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Most Common Health Issues Women Face

 |  General

When talking about women’s health, the issues of anatomy and hormones always come into question. These two factors often make women at risk of experiencing certain health conditions at higher rates than men, though because of lifestyle and social factors, some health problems seem to indiscriminately affect both men and women at very similar rates.

To further understand women’s health and the health and wellbeing needs that women have, it’s important to consider first some of the most prevalent health problems that women in the US are likely to face.

The Most Common Health Issues Affecting Women

  1. Cervical Cancer

Cervical cancer originates in the lower uterus on the cervix itself.  Human papillomavirus (HPV) is central to the development of cervical cancer and can be detected in 99.7 percent of cervical cancers. HPV virus is considered a sexually transmitted infection.  Often time cervical cancer may develop before you show any signs of cancer; therefore, routine pap smears are highly recommended.  Routine HPV vaccination is recommended at 11 to 12 years in both males and females to reduce the risk of HPV infection and thus cervical cancer.

  1. Breast Cancer

It is the most common type of cancer in women, second only to lung cancer in terms of its mortality rate. While breast cancer awareness is at an all-time high, many women are still reluctant to get screenings out of fear of getting a diagnosis. Anxiety surrounding breast cancer can also lead women to have unnecessary and severe treatments such as mastectomies when other treatment options might be available.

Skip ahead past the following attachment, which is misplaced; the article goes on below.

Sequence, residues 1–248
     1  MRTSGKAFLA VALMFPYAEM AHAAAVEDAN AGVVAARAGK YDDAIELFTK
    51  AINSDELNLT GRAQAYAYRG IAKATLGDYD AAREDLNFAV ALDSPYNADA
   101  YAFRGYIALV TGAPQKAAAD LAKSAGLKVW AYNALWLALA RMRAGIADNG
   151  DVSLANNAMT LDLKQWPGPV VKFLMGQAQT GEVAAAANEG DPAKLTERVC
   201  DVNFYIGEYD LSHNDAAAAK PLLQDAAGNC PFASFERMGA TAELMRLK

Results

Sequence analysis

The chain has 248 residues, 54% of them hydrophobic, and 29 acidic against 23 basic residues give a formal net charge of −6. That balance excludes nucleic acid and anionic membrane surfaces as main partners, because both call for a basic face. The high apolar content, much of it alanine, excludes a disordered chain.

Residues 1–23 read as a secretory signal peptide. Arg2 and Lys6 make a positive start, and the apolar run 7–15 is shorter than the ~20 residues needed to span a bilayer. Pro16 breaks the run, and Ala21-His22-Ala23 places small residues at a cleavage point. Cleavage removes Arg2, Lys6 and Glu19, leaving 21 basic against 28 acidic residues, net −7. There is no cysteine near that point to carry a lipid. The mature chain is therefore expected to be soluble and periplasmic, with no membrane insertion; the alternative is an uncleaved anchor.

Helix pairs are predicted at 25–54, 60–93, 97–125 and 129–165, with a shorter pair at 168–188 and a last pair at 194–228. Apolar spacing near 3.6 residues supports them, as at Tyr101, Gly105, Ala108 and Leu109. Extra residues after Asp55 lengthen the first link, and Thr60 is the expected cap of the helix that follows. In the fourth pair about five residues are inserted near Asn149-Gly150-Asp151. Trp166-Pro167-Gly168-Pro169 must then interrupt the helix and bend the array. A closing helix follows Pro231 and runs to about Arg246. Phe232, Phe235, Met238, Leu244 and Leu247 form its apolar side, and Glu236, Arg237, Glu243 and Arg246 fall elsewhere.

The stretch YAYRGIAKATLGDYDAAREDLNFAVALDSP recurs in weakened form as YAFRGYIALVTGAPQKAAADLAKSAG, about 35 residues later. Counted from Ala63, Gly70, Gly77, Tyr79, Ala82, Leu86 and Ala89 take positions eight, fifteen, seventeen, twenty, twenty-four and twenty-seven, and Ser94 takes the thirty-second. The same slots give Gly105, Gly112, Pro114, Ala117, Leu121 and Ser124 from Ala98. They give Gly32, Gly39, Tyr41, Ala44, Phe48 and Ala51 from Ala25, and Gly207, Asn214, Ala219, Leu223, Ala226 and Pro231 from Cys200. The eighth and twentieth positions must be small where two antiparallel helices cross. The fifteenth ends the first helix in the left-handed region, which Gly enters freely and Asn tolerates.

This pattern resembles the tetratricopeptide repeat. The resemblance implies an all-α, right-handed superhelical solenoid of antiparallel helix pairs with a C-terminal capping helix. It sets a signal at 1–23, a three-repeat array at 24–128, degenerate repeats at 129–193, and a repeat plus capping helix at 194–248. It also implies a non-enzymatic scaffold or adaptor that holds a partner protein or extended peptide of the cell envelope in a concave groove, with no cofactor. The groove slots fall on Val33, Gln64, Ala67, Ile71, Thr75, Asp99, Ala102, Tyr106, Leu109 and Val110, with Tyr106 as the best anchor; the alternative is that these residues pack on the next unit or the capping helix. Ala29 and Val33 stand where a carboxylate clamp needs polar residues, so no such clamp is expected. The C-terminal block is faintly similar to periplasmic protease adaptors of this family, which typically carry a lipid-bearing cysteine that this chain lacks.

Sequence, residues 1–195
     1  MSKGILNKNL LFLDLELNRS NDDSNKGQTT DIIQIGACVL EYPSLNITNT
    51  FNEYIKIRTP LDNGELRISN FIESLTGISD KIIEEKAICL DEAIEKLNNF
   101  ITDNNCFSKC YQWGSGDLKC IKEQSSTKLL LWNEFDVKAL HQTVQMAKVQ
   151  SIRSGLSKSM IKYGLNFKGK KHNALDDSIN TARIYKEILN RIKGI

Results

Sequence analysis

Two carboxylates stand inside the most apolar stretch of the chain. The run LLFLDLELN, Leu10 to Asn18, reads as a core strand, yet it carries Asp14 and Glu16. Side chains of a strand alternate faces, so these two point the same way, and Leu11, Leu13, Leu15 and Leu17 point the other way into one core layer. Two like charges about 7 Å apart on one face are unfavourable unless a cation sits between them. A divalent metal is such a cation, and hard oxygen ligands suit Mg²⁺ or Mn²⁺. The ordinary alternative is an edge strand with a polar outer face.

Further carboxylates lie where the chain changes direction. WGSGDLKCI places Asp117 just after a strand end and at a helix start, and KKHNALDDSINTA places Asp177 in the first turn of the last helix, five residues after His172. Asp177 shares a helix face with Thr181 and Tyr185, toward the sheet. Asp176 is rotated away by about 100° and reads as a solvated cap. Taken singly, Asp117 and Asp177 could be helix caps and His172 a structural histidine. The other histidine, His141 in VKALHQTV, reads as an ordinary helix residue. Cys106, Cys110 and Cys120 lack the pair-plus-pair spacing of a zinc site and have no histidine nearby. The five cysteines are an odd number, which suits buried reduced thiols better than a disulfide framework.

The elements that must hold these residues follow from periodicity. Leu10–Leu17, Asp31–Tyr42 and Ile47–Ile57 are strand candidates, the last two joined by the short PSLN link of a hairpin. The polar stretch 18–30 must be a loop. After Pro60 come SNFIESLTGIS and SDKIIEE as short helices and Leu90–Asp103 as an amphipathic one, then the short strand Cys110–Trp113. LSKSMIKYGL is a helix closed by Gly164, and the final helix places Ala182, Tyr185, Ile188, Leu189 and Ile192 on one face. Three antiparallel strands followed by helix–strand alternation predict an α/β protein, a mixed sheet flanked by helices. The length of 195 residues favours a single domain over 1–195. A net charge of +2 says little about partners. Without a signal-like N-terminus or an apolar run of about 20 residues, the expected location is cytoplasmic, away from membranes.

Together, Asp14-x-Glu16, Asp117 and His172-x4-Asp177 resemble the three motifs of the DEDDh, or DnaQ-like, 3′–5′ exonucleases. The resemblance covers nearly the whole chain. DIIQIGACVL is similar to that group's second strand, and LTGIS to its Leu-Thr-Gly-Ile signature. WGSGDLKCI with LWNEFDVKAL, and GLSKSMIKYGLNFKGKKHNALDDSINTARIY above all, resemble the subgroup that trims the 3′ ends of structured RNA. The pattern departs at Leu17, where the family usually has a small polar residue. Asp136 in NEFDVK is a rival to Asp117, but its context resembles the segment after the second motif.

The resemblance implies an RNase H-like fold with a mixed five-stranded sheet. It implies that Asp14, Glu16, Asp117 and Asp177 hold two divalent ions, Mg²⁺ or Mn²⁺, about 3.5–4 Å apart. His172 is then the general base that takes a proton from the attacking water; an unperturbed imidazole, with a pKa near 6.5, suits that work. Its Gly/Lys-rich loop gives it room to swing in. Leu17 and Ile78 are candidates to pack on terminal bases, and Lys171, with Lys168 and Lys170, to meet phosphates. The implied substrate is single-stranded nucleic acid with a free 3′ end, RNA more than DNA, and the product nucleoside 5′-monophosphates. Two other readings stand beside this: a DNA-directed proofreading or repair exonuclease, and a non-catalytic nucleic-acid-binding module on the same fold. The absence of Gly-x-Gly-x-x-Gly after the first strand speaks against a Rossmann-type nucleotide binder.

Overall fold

1. Heart Disease

Heart disease is the leading cause of death in the US for both men and women, and the CDC estimates that around 29% of deaths among women are because of this condition.

Additionally, women tend to be more likely to remain undiagnosed as the symptoms of heart disease in women are not the same as those of men, which leads to many doctors and patients missing the signs. For example, women tend not to have the classic chest pains when it comes to heart disease, and are more likely to experience headaches, dizziness, nausea, or shortness of breath.

  1. Depression & Anxiety

Women tend to experience higher rates of mental health conditions such as depression and anxiety. It’s estimated that twice as many women experience depression as men, though it is unclear exactly why.

The running theory is that the hormonal changes women often go through throughout their life may increase their risk of such mental health issues. Among these hormonal changes, those relating to pregnancy and birth particularly seem to increase the risks of women developing these mental health conditions.

Bayless’ Integrated Approach to Healthcare

Bayless believes that addressing women’s health must take into account the person as a whole and not just the medical profile. We believe that to ensure your long-term health and wellbeing, we must treat the body as well as the mind, which is why we’ve created special integrated healthcare programs to assist you.

If you are interested in benefiting from our services, we offer many types of care for supporting women’s health: primary care, behavioral health, counseling, addiction treatment.

Contact us today for more information.